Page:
And so, indeed, we are not much bothered by a miniscule number of deaths related to SUVs rolling over. It should be clear by now to anti-auto elitists that SUV owners don't really care that much about this known propensity of this type of vehicle. This is not out of callousness. It is simply a realistic acceptance of trade offs, much like using a rotary lawn mower - it's dangerous, but its benefits in mowing efficiency and neatness outweigh the danger.

Okay, let's go over this one more time. Most SUVs (and pickup trucks) have higher centers of gravity than passenger cars (see our article "Truckin'"). The high profile of these vehicles is one of the reasons for their popularity. People like "sitting up where you can see over traffic," and they like the boxlike cargo space and the SUV's potential for negotiating difficult roads, rough terrain and bad weather (snow, water ponding) because of their higher ground clearance.

So, while the elitists rage against SUVs and seize upon any shred of statistics to prove them "dangerous," or "anti-social" or "irresponsible," the benighted masses love them and keep on buying them in ever greater numbers. R.L. Polk & Co., which keeps its statistical finger on the pulse of the auto industry, reports that SUVs now command about 27 percent of all new personal vehicle registrations in the U.S. That's the largest share of any passenger vehicle category.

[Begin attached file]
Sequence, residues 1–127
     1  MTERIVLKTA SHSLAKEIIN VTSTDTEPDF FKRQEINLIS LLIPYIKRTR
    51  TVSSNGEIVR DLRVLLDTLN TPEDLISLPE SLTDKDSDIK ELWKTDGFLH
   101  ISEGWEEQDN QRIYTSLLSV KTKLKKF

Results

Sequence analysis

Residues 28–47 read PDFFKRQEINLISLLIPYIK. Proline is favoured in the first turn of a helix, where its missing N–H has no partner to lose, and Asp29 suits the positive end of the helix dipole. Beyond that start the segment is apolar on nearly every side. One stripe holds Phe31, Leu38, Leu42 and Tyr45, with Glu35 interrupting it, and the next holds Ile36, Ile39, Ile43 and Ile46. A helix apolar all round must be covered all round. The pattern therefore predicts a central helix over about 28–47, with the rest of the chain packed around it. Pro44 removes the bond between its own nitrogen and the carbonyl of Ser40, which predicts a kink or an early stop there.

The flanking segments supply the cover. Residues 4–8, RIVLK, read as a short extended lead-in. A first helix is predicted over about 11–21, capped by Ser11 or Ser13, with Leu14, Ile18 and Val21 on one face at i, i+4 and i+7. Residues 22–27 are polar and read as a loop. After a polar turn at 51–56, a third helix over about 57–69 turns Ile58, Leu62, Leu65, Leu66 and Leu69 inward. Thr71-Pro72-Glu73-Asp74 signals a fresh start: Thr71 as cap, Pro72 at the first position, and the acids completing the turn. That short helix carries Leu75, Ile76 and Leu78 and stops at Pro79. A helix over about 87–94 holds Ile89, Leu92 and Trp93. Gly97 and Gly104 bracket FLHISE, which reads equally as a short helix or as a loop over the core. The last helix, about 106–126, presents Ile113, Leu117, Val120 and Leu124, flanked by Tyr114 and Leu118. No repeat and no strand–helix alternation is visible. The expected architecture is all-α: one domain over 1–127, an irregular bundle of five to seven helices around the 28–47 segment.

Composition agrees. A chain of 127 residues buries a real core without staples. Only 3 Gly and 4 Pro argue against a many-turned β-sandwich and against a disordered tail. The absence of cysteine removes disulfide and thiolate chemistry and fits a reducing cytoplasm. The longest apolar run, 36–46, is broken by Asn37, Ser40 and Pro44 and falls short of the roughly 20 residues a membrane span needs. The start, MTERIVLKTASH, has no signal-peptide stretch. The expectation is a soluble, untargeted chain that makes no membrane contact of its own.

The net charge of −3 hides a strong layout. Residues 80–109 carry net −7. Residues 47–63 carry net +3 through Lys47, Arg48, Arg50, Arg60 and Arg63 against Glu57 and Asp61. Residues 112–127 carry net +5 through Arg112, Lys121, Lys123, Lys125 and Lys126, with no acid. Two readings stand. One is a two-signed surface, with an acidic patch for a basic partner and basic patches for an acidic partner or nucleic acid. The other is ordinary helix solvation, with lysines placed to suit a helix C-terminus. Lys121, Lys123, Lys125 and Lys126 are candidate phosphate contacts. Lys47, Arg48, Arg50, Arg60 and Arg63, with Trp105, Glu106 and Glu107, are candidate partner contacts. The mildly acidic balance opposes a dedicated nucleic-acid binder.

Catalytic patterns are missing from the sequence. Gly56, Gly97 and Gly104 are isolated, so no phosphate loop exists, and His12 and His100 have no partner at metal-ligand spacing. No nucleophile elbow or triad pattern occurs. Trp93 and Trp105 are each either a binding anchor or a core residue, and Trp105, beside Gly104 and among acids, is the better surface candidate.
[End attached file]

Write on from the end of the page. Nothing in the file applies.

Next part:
There are now over 14 million SUVs registered in the U.S., and Polk analysts find that SUV owners span all income and social levels. "SUV owners are so demographically diverse, it is impossible to accurately classify them as a group," says Lonnie Miller, director of Polk's analysis team.

What defines these owners is a desire for performance, power, functionality and versatility, according to Polk. Seldom in automotive history has consumer loyalty to a certain type of vehicle become so entrenched. The auto industry average for repeat sales of a certain type of car (buy a convertible once, buy another convertible next time) is 41 percent. But Polk's most recent statistics show that 51 percent of all SUV owners stick with SUVs when they buy their next vehicle.

The NHTSA says that 61 percent of fatalities in SUVs are the result of rollovers. But SUV owners shrug these figures off, just as most drivers shrug off most accident statistics. NHTSA's Administrator Dr. Jeffrey Runge, a physician, laments that "as a nation, we should be outraged over the loss of nearly 43,000 of our friends, neighbors and family members" to traffic accidents.

But the fact is, we are not outraged. We are saddened, perhaps, and chastened when a traffic death close to us puts the statistics in personal perspective. But the plain fact is, we like the odds. The average driver of any vehicle - be it a sedan or an SUV - does not expect, nor indeed believe he or she will "become a statistic." So other considerations - from the practical to the psychological - about the vehicle they choose to own and drive far outweigh their fear or concern. Good? Bad? It's just a reality of our auto culture.